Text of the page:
Absolutely .. and learning to use your stuff, not just memorize the manual, takes a while.    It's best done at home, but I got a lesson in that myself when I packed a 12V battery to power a recorder (via a USB cigarette lighter cell phone charger) in the woods.   Two problems arose: first, the battery only lasted 6 days which isn't worth the labor to lug it as far as I did, second, the recorder, of a type new to me, took a whole bunch of little audio recordings rather than one per day or 2 gig at a time as I'm used to.   :(     I hope I don't repeat the mistake ... but I'm stubborn sometimes.

 

MIB

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joebeelart
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Wow!  That makes me laugh. 

 

 

I hope you gave your {car sized} battery a proper, deep burial for the next civilization to find.  We used to haul those #$%& things in to power "real" camera "traps" in the old days.  Misery, especially packing them out after it started raining. 

 

Anyway, glad you are "stubborn."  That's what it takes; that and gas money.  Regards, Joe

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bipedalist
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Funny about fine-tuning thermals.   I was with a well-known BF Clackamasterian author once in Oregon and we spotted a biped looking figure on the sandy bank of the Clackamas River.  As it turned out we had a deer in perfect backassward profile leaning down to feed/water.   With both hind and front legs linearly arranged as two it looked bipedal until it raised its neck/head and could be determined to be a deer.  This at fairly close range.  It just goes to show you thermal can fool you sometimes too even with fine adjustment. 

 

RE: batteries, I have yet to deploy the long-term bruisers with sound recorders.  Had good luck with frequent every couple day checks of long-life, energy efficient recorders though.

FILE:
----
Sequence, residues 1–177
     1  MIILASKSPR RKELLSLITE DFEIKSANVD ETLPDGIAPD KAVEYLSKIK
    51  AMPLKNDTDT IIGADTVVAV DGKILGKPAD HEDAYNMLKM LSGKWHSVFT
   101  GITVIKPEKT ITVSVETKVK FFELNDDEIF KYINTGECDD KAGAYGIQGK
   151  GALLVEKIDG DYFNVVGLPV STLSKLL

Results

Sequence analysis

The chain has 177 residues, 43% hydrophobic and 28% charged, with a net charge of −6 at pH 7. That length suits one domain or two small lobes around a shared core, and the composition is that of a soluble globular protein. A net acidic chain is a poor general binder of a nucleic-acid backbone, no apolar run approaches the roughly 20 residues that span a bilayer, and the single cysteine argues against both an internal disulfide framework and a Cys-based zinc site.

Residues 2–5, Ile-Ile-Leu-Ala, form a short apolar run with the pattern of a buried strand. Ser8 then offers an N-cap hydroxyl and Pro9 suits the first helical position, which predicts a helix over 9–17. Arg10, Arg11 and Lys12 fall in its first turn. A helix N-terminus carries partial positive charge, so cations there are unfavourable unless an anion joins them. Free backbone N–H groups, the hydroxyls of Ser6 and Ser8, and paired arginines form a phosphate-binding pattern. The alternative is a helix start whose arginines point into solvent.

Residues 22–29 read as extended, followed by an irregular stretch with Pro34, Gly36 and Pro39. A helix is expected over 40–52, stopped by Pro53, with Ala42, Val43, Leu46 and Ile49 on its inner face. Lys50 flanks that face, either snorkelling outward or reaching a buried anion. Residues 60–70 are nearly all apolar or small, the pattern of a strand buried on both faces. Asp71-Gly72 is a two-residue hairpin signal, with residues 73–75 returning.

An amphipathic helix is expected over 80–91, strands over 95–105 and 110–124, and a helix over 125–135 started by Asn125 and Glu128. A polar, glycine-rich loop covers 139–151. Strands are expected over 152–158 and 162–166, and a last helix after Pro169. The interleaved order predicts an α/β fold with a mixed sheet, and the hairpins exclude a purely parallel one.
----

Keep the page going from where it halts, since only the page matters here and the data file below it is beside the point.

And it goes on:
Joe it sounds like you are having fun with those Oregon expeditions, you are a great host.  Hope they have good luck making something out of their recordings. 

 

PS I have seen wood rats scampering with fine detail on thermal and that is pretty funny as long as they are not living in your woodlot.  Yes, they are fast and put on a good show. 

Edited by bipedalist

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Madison5716

How coincidental that I should see this post today. I am terrible with gear.

 

I just received in the mail one of those Outback Nomad Optic minoculars that supposedly can super-zoom and has night vision. I have no idea how it works. My friend and I are gonna drive out in the woods and play with it tonight. There is an attachment piece to lock your phone to it. Should be fun! But I suck at tech, so maybe not, lol!

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Edited by Madison5716

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NorthWind

Maybe this video will help. 

 

 

 

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Madison5716

Thank you, Northwind! Awesome! 

 

I liked your video stabilizer btw. Huge  difference.

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NorthWind

Thank you. I am trying to get better.  Who said old dogs can't learn new tricks?